Today’s team is likeable, so was 2012’s. The team from London changed soccer in the country forever, and the 2021 version is trying to emulate a little change themselves.

What it means to be here: The Olympic Final

The Canadian team has not played a home match since May 2019, but it is always in front of thousands of exuberant fans when they play in Canada.

“I started following the team, going to every local friendly and even travelling by car and plane to places across Canada to see them play,” said Stefanie, while Williams has travelled away from her home in Southwestern Ontario to see the team play Vancouver, Montreal, Hamilton and Toronto.

The Canadian women have drawn significant crowds domestically; they’ve played a World Cup at home, something the men will get to do in 2026, but more importantly, they’ve led the way in the women’s sports conversation from coast to coast to coast.

England v Canada: Quarter Final - FIFA Women’s World Cup 2015 Photo by Mike Hewitt - FIFA/FIFA via Getty Images

When the referee blows their whistle to end the match in Tokyo, Team Canada will have secured their best-ever Olympic result, and regardless of the medal, it will not be bronze. The demons of 2012 are no longer, and the Canadian team is entering a new generation.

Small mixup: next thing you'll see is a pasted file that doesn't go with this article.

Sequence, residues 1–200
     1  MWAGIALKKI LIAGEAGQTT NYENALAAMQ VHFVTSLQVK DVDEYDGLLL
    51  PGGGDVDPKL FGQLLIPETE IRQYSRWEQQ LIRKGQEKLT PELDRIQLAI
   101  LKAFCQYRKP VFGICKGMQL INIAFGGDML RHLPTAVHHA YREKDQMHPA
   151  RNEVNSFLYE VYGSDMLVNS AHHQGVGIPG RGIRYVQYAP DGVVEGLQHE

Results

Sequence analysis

“This team gives us purpose. It gives us happiness,” said Diana R. “

The ride has been so much fun, and I don’t want to get off. I may have even cried when the whistle blew the other day,” added Stefanie.

The Canadian women’s national team has united Canada, and it is doing so once again in Tokyo, the same Olympic Games that “Together” became part of the Olympic mantra.

Faster. Higher. Stronger, you can rest assured that Canada will be “together” during the gold medal match.

It’s Canada against Sweden, all while a gold medal waits at a yet-to-be-written chapter in the novel of Canadian women’s soccer.

Fans can watch the final match for free on or the main CBC Sports channel. It is scheduled for 5:00 am PT/8:00 am ET on Friday.